(For readers outside Canada who don’t know – GASP!!! – Terry Fox; read here and here and watch here. If there is one Canadian icon to know, or person to talk about with a Canadian you bump into, likely in a bar somewhere, it’s this guy.)

Like most Canadians, I have been raising money for the Terry Fox Foundation for years –  decades actually. My parents too. It’s why the Terry Fox Foundation to date has raised over $700 million for cancer research. Annually, The Foundation is responsible for supporting close to $20 million in discovery based research each year in Canada – a huge sum of money in this country.

By all accounts, the funds have  had a very real and measurable impact.

But (…here is the but).

There are thousands of charities, all (ok, most) doing important, worthwhile work which has a real impact on people’s lives. Yet, since the 80s the Terry Fox Foundation has managed to leverage what might be every single student in the public school system as a source of fundraising.


Can it continue? Will the Terry Fox Run just continue to live on in our schools as our next generation has less and less of a connection to the story. Or, will one day, one principal or school official decide to move on?

Can any other charity anywhere in Canada – even North America – make anything close to the same claim? It would seem every student in the public system is somehow involved in helping fund-raise for this charity.

For anyone who has spent even just one second working with charities/Not-for-Profits, you know one thing – they are hyper competitive and there is massive battle for your dollars. Think every time you’re at the grocery story or any store these days and you are asked: “would you like to donate to $2 to …..”. Ya, that was a business deal and said charity has a massive advantage over others. In the US, Point-of-Purchase charity asks is an almost $2 billion marketplace.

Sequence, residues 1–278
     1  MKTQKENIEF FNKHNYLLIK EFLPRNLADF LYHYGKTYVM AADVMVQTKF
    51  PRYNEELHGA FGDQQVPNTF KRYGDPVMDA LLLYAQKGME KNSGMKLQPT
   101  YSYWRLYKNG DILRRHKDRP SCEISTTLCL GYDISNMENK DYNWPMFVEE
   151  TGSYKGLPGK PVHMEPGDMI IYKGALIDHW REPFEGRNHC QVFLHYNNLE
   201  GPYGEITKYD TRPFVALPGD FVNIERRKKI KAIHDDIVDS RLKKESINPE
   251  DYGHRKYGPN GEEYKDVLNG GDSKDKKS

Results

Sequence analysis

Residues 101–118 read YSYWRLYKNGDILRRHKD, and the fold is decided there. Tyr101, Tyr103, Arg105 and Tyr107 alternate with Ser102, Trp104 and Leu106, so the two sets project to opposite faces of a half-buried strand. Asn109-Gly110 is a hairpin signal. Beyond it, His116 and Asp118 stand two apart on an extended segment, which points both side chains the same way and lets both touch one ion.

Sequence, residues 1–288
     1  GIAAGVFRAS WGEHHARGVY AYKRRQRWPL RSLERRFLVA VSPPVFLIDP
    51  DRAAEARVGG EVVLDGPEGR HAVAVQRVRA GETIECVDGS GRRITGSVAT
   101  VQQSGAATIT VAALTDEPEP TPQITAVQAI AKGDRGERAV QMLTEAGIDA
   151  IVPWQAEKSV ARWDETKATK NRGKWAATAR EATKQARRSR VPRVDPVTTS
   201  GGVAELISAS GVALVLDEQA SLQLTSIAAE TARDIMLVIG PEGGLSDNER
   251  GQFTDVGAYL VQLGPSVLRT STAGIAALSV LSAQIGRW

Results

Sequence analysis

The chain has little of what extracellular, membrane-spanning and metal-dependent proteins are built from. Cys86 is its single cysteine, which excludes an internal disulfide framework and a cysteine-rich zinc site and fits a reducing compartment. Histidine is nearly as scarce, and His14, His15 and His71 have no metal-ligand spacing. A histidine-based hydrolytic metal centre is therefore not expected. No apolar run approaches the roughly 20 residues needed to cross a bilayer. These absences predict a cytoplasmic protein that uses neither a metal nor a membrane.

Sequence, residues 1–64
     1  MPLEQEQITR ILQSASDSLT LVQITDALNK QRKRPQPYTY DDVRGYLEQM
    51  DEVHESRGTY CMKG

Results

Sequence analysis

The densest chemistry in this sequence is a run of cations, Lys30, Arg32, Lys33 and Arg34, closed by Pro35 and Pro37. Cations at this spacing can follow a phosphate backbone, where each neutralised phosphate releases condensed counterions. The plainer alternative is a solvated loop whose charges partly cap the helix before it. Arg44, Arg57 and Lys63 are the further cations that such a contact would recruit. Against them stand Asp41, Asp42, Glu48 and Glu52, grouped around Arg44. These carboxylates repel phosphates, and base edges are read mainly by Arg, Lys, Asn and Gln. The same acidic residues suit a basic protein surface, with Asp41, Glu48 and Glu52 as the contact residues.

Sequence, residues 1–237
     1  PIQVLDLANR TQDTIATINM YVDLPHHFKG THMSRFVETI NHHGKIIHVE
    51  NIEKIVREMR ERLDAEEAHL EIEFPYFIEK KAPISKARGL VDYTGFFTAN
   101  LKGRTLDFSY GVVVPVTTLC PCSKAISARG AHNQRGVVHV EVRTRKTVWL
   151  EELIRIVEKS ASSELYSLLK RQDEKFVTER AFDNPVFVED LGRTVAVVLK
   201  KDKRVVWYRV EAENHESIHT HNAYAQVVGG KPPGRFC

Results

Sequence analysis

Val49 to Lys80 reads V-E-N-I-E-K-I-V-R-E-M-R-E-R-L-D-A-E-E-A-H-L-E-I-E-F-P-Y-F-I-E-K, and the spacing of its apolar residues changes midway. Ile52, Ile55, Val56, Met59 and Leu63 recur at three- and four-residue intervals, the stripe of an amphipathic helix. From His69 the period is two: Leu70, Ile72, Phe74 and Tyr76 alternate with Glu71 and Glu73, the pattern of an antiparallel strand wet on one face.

Other charities must be chomping at the bit, sitting back in boardrooms, basements and kitchen tables asking: “how can we get into the schools?”. You can’t. It would be impossible. That’s why it’s even more incredible that, it seems, the Terry Fox Foundation has managed to wrestle down a complete monopoly on this type of fundraising and engage kids, in my daughter’s case as young as 4ish?

For me, the Terry Fox legacy is a very moving, inspiring story. And, after just a bit of research it seems the efforts over the decades have had a tremendous impact. If it gets my kids interested in charities, giving back and encourages them to get out and run/walk (in Terry’s honour), then great, I’m in. Besides, nobody would ever agree on which cause/charity to support anyhow.

One does wonder in this day and age if it the legacy can live on.

But, for now, I was happy to give her a few bucks for her  first official Terry Fox Run (and buy a t-shirt). Besides, did this dad really have a choice?





Lockdown: words from my four’ish year old


“Dada, today, we practiced lockdown,” my four’ish year-old says while rubbing her stuffed bunny’s ears between her fingers sitting in her car seat. “We have to hide in the cubby area if a bad guy comes.”

She also told me about riding bikes, and the dress-up area in her classroom.